for I get many praises you see,
but surely good I cannot be?

A Bridge of both fire and frost,
that must be willingly crossed,
beckoning you with untold glory,
but only if you follow a righteous story?

One did live and one did die,
but both are, water can be dry,
the lions may sing and the hills may fly,
just like the pigs that are high in the sky?

Each and every day,
you do everything they say,
you’re their lackey and their slave,
will you follow them to your grave?

After a smile and a chat,
and a little pat on your back,
are you now back on track,
because you’re so good at that?

Be it a command from your dog or you,
I’ll bow down and do what I’m required to do,
but should I follow it word for word,
letter for letter no matter how absurd?

Four creatures on a raft,
together they have a sail to mast,
a leaf, a hoof, a paw and a hand,
which has the right to command?

If the eyes of greatest sight,
have never seen the light,
do optical illusions of the mind,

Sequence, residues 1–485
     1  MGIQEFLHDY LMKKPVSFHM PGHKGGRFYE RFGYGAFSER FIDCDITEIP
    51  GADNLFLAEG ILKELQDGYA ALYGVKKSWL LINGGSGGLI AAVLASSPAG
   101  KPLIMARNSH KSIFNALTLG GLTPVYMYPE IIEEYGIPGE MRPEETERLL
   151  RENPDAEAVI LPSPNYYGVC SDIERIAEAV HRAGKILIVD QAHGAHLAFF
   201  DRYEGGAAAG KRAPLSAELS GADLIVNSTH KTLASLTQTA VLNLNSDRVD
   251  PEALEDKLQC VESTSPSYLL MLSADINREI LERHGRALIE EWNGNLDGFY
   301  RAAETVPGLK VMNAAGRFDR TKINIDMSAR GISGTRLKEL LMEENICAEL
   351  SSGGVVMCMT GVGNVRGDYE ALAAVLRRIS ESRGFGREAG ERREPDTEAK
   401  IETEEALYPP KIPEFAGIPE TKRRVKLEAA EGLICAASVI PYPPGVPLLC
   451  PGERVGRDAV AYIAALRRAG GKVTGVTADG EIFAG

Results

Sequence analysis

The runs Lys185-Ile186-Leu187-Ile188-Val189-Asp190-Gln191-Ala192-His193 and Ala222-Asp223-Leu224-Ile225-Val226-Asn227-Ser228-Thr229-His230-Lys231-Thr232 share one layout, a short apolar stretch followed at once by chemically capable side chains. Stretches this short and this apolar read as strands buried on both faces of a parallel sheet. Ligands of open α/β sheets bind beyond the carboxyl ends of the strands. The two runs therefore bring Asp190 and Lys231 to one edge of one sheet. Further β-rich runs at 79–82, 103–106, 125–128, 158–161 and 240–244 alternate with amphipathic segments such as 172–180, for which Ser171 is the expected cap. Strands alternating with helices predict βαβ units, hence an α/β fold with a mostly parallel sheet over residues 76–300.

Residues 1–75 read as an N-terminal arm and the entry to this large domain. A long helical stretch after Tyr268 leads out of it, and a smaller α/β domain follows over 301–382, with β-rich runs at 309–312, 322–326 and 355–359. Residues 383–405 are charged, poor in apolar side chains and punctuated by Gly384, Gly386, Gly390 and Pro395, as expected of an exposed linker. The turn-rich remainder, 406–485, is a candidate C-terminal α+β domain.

give sight to the halls of the blind?

Dexter hands, sinister hands,
heart or mind, which commands,
one hand shelters, one hand slays,
both offer praise but which one betrays?

One of the two is misshapen,
but perhaps you are mistaken,
because the one who is forsaken,
really offers you a safe haven?

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Homer

The Iliad: Book 12

So the son of Menoetius was attending to the hurt of Eurypylus
within the tent, but the Argives and Trojans still fought desperately,
nor were the trench and the high wall above it, to keep the Trojans in
check longer. They had built it to protect their ships, and had dug
the trench all round it that it might safeguard both the ships and the
rich spoils which they had taken, but they had not offered hecatombs
to the gods. It had been built without the consent of the immortals,
and therefore it did not last. So long as Hector lived and Achilles
nursed his anger, and so long as the city of Priam remained untaken,
the great wall of the Achaeans stood firm; but when the bravest of the
Trojans were no more, and many also of the Argives, though some were